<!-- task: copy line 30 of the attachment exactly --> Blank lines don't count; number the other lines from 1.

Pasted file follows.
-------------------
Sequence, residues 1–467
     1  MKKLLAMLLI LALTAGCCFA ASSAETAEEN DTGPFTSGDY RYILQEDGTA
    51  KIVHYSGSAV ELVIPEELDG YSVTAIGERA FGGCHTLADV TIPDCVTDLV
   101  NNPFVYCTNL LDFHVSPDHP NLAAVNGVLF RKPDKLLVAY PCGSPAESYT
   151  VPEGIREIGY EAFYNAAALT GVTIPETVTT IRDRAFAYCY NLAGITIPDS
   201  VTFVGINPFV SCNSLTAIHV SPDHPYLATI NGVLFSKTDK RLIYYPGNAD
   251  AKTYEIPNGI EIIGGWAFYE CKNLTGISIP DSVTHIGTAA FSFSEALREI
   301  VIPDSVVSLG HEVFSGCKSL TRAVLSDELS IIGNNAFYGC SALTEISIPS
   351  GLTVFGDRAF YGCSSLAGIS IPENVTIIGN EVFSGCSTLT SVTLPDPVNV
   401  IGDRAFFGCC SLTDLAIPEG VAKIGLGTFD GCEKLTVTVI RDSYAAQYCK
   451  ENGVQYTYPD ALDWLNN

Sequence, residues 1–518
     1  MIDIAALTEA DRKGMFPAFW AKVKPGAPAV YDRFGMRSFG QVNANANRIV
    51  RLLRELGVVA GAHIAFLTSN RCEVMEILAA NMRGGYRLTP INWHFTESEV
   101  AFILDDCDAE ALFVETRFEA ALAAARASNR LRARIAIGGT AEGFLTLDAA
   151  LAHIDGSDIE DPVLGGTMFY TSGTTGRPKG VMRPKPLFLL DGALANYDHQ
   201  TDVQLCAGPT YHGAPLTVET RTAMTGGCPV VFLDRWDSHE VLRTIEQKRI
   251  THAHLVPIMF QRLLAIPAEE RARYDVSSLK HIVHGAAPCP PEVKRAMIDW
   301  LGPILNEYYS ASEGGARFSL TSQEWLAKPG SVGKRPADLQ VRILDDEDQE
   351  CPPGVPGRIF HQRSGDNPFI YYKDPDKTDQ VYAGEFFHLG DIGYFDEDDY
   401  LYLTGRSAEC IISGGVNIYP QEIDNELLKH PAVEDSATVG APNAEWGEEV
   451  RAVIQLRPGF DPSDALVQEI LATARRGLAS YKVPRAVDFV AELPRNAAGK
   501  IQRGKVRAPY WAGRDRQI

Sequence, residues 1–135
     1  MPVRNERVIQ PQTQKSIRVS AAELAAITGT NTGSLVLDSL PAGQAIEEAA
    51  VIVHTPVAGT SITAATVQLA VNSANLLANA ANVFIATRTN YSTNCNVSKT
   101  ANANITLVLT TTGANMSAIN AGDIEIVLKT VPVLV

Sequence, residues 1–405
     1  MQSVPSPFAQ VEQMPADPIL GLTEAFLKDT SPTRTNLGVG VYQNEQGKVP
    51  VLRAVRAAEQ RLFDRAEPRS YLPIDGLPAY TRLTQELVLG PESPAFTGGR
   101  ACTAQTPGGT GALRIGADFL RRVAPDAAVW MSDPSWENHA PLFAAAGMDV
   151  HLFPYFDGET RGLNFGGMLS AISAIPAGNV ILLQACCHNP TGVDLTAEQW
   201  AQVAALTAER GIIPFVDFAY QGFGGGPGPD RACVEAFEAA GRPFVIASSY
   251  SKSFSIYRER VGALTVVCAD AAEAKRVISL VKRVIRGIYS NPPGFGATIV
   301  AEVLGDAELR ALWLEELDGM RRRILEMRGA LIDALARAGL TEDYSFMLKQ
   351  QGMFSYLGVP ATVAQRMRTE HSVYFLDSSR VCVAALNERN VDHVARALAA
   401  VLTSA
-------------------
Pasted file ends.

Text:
    51  VLRAVRAAEQ RLFDRAEPRS YLPIDGLPAY TRLTQELVLG PESPAFTGGR